Democratic lawmakers are urging a panel looking into whether drugs should be imported from Canada to speed the process up.

The Associated Press reports that Democratic governors and members of Congress, spurred on by election-year politics, want the task force's report to be completed before the fall. The task force held its final public meeting on Friday.

The recommendations aren't due until after the elections, but Surgeon General Richard Carmona, the panel's chairman, said the report will be turned in sooner.

But Democrats who support importing cheaper drugs from Canada say that's not soon enough, according to the AP account. "We urge you to tell your panel to make any recommendations immediately so that we can proceed," six Democratic governors wrote in a letter to President Bush this week.

The Bush administration and the pharmaceutical industry, citing safety issues, oppose the imports. Sen. John Kerry, the likely Democratic presidential candidate, is in favor of them.


Long Wait for Seniors With Medicare Card Questions

A help line the U.S. government established last week to guide seniors with questions on the Medicare discount card is overwhelmed already, the Boston Globe reports.

Medicare administrator Mark McClellan said his agency is aware of the problem, in which people have to wait on the telephone as long as an hour before their questions are answered.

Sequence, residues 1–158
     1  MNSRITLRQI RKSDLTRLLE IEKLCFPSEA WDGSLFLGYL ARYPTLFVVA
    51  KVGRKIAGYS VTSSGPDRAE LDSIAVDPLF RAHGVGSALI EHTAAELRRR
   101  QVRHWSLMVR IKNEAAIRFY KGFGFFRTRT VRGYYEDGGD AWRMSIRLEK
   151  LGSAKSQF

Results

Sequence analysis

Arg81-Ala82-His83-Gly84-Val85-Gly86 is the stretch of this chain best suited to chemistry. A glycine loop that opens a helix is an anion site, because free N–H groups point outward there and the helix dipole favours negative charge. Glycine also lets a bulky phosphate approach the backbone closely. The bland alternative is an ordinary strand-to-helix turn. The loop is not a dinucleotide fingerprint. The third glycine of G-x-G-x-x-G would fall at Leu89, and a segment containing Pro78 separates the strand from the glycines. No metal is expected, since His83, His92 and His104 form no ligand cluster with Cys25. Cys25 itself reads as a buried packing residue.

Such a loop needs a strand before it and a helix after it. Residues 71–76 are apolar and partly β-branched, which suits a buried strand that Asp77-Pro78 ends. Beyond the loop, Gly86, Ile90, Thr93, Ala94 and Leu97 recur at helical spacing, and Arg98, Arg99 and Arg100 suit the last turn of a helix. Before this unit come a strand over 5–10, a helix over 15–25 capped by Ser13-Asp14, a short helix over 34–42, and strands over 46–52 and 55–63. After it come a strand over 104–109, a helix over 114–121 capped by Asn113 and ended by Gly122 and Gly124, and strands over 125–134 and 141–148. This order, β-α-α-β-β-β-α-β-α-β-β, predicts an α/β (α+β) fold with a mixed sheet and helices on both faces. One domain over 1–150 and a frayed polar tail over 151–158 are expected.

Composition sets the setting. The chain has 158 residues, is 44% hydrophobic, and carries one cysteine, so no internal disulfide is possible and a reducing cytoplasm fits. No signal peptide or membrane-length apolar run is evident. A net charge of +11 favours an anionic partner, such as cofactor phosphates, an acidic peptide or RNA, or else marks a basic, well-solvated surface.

McClellan said that 1,600 operators are standing by to respond to calls to the number, 1-800-MEDICARE, up from 400 less than a year ago. However, he said he would hire "as many [operators] as it takes" to meet the demand, the Globe reported. "We're going to get this in balance as soon as possible."

The Medicare discount cards, which are part of last year's Medicare prescription benefit overhaul, became available earlier this month and take effect in June. The full drug benefits won't be available until 2006.


Is Volunteering Bad for Your Health?

An Australian study suggests that if you do volunteer work, you may be helping others at the expense of your own health.

Researchers from Flinders University in Adelaide, Australia, asked over 500 people about involvement in voluntary groups, the BBC reports. They found that most of those who did such work linked it with a negative effect on their health.

The team found that over half of the people surveyed had been involved with a voluntary organization in the last year. Almost one in four had been involved in groups associated with sports or leisure, and a significant number had volunteered for work related, community, or social action groups.

Those who responded often spoke about the negative side of volunteer work, such as witnessing difficult situations, according to the BBC account.

"Involvement may not be beneficial for individual health, and that for the individuals involved there is some evidence that this involvement may in fact be detrimental for their own health," the researchers write in the Journal of Epidemiology and Community Health.